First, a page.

Harvey Keitel (born May 13, 1939) is an American actor best-known for the “tough-guy” characters he portrays and for his memorable roles from Quentin Tarantino’s Reservoir Dogs and Pulp Fiction, Martin Scorsese’s Mean Streets and Taxi Driver, Ridley Scott’s The Duellists and Thelma and Louise, Jane Campion’s The Piano and Abel Ferrara’s Bad Lieutenant.
The film is squarely located in the oasis of American cinema known as the NC-17 pond. Its thematics are religion, rape revenge and general hardboiled existentialism. Its protagonist is Keitel who is tagged as Gambler. Thief. Junkie. Killer. Cop. Keitel’s nameless character is a corrupt police lieutenant who, throughout the movie, is spiralling rapidly into various drug addictions, including cocaine and heroin. His lack of success at gambling reflects his lack of faith. The turning point in the film arrives when the Lieutenant investigates the rape of a nun and uses this as a chance to confront his inner demons and perhaps achieve redemption.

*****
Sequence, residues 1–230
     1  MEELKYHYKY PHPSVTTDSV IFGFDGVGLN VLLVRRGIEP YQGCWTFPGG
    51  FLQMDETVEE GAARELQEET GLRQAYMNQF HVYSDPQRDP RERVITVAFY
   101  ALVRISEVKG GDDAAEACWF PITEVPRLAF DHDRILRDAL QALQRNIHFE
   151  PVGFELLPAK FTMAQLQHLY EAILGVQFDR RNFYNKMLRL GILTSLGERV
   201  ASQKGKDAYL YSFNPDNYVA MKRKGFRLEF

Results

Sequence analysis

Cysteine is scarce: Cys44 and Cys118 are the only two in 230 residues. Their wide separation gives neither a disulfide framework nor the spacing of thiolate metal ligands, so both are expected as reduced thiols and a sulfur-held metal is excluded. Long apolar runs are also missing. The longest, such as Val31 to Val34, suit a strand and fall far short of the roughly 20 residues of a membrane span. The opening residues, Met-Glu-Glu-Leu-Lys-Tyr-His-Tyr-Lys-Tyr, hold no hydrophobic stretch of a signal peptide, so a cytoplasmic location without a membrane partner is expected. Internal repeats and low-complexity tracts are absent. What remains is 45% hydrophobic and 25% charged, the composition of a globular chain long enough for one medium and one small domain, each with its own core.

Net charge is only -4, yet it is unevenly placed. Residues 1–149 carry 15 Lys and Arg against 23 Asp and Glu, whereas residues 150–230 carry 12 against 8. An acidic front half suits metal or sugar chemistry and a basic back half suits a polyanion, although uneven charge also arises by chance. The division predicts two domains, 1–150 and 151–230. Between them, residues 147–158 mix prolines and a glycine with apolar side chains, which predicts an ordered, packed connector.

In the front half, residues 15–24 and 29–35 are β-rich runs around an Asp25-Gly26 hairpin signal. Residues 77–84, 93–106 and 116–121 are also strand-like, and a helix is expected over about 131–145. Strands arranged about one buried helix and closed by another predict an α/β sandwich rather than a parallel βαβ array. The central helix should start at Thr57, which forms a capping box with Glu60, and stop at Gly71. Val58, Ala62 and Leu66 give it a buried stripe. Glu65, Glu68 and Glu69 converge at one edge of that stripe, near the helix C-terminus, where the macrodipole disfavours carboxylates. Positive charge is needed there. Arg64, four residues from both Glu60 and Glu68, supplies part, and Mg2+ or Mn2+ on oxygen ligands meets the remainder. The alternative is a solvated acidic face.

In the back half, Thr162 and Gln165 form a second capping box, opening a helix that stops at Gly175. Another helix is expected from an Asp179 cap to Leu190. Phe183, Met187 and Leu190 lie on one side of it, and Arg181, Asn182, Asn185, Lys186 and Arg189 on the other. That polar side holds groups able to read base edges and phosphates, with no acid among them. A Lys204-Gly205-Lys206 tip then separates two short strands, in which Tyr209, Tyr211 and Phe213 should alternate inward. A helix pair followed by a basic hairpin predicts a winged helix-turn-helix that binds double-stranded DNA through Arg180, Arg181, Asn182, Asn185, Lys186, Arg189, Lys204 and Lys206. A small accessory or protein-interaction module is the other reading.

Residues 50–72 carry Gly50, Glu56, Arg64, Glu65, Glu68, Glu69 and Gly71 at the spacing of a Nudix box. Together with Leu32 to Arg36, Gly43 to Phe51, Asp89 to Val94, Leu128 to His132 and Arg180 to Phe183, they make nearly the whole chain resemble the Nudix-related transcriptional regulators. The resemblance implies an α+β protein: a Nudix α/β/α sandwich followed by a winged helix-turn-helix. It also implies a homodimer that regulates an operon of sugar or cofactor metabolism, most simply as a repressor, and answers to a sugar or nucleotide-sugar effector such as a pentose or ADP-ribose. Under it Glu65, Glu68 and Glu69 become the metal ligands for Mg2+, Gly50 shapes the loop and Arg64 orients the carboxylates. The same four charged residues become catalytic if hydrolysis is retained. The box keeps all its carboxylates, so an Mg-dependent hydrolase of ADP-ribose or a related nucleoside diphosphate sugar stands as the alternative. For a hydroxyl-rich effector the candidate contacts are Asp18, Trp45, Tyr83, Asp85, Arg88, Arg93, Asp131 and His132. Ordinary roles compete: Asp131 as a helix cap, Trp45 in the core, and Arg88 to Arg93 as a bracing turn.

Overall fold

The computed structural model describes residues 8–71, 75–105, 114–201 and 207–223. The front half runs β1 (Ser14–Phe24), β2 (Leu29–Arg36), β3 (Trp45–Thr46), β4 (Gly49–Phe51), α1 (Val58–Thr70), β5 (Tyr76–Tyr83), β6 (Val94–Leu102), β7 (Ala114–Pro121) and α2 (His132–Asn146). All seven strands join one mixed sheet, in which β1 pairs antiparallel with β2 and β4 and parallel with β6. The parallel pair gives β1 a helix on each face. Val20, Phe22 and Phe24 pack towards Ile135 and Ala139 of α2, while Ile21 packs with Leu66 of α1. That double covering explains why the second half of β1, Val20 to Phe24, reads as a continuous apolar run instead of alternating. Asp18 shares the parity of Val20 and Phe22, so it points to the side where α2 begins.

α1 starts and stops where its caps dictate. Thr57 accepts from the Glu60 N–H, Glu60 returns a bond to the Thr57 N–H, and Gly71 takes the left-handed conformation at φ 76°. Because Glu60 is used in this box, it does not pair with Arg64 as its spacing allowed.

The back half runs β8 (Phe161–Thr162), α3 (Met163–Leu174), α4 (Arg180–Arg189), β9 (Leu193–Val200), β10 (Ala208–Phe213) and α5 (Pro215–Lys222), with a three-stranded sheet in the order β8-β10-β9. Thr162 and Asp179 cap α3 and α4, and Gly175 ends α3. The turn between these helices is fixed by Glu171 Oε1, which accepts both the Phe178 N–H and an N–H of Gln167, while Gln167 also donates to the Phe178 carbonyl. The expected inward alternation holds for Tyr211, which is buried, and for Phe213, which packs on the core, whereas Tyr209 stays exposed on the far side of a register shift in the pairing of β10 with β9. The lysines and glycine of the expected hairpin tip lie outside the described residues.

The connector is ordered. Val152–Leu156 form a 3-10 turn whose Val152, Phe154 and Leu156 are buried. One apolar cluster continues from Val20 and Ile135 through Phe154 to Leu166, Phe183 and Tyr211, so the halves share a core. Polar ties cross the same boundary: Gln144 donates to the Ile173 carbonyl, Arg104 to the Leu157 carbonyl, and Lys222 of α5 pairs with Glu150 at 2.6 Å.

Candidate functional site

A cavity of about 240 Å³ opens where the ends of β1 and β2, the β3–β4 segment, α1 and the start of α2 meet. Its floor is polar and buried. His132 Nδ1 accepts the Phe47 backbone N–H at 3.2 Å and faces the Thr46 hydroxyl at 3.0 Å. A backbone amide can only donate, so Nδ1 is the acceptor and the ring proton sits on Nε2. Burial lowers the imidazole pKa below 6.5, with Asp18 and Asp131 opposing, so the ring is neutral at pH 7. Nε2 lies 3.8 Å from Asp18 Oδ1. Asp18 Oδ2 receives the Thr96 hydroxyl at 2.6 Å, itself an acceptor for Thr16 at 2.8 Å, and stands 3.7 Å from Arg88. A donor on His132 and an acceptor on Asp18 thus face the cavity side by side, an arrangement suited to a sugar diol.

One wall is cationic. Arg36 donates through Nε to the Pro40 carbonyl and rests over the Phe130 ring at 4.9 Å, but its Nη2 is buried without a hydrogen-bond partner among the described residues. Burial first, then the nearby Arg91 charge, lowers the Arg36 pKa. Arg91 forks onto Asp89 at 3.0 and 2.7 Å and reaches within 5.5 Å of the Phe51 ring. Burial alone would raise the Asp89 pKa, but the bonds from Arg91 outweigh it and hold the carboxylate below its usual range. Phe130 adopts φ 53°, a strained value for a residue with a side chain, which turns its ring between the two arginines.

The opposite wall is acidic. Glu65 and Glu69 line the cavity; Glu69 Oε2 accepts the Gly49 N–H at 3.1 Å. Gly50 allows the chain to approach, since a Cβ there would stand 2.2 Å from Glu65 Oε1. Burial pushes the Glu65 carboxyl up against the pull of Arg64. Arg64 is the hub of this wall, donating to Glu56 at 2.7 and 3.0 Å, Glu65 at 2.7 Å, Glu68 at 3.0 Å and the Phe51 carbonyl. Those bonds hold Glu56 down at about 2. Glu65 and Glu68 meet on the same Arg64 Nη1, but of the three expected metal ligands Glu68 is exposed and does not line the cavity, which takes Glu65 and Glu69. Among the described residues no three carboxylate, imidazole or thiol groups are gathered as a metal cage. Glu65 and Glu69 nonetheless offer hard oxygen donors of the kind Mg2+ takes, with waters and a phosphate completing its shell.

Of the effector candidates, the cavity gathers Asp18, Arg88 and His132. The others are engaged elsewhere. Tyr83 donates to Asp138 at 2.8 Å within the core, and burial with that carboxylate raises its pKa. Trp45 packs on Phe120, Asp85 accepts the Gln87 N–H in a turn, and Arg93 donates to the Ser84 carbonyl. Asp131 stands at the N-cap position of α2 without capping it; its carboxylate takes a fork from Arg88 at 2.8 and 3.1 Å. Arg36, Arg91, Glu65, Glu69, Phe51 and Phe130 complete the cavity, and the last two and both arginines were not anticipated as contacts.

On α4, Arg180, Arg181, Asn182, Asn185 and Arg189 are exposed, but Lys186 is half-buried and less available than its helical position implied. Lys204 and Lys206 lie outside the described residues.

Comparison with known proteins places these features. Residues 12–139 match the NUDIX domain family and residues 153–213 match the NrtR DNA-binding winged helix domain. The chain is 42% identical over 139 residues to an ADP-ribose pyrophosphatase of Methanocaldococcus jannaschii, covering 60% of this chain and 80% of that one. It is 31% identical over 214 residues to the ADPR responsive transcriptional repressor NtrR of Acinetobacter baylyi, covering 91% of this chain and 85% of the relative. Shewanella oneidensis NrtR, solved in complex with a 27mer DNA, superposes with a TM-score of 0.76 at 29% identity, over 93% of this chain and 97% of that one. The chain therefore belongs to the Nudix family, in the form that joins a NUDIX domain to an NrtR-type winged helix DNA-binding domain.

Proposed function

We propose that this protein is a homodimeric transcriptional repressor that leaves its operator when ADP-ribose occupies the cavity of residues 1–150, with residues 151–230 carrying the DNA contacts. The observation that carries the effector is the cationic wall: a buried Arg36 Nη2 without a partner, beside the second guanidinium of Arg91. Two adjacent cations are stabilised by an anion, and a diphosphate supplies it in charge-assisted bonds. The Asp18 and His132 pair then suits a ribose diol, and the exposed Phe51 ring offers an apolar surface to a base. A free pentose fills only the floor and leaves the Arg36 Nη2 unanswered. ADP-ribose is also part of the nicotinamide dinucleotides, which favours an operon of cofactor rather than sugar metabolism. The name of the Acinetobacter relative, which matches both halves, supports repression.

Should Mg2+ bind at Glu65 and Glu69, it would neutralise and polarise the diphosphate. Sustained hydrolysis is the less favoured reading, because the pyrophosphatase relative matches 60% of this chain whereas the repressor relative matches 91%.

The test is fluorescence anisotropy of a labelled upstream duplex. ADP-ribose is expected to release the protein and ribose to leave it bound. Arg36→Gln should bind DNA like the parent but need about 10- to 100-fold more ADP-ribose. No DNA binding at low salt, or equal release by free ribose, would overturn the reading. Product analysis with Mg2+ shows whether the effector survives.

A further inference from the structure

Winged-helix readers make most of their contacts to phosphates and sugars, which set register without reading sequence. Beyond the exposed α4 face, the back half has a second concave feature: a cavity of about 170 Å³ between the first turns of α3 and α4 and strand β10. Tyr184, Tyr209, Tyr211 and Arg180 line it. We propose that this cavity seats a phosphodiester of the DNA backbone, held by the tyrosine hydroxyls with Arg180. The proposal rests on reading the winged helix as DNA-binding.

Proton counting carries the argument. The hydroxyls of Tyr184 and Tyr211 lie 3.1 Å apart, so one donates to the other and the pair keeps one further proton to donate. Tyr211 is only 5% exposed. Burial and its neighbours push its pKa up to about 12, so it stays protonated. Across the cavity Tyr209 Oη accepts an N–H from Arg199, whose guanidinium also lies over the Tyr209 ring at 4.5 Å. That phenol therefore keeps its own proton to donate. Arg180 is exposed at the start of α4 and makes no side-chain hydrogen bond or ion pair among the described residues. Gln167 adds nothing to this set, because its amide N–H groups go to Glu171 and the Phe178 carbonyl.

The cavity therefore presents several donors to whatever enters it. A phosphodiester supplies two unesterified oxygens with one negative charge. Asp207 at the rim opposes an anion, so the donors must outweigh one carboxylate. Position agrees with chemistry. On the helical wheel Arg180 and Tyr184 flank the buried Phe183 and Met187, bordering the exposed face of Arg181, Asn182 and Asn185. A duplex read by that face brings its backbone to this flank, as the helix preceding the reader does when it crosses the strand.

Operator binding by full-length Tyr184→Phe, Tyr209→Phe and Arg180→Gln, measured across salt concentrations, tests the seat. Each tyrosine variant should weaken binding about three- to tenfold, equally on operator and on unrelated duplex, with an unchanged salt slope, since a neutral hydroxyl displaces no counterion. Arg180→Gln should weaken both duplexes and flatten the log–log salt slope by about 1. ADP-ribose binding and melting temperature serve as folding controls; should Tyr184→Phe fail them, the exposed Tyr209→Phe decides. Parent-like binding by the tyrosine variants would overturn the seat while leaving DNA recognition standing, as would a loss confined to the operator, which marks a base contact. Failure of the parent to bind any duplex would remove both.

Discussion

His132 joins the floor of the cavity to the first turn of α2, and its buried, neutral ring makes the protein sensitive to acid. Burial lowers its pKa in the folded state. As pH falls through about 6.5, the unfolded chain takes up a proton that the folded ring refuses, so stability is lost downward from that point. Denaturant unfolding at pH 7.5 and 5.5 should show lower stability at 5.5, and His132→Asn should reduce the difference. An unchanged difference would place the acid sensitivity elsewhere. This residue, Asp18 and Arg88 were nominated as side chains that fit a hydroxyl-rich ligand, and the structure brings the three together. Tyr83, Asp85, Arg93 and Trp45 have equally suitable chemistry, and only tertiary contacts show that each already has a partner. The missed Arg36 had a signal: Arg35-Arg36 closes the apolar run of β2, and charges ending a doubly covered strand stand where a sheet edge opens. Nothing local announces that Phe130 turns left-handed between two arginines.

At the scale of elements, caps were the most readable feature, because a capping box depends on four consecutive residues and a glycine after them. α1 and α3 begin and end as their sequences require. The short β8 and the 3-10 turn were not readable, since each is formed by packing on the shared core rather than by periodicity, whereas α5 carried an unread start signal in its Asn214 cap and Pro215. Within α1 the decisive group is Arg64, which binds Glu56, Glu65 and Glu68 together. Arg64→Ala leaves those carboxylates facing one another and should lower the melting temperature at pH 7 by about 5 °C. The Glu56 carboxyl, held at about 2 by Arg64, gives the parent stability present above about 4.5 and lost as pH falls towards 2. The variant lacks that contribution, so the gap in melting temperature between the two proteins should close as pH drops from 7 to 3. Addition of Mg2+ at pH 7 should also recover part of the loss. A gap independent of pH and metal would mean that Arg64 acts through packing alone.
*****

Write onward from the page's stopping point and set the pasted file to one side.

The film features male frontal nudity of Keitel, a rarity in American cinema.
Most recently, erotic photographer Roy Stuart, in his Roy Stuart, vol. 5 reenacted the scene when Keitel stops two young girls in their car, discovers that they have no driver’s license and forces one to bare her behind and the other to simulate fellatio, while he masturbates.
Werner Herzog is to release a similarly titled film in 2009: Bad Lieutenant: Port of Call New Orleans starring Nicolas Cage and Val Kilmer. According to Herzog, the film is not a remake of the original. In fact, Herzog claims to have never seen Bad Lieutenant, nor to know who Abel Ferrara is.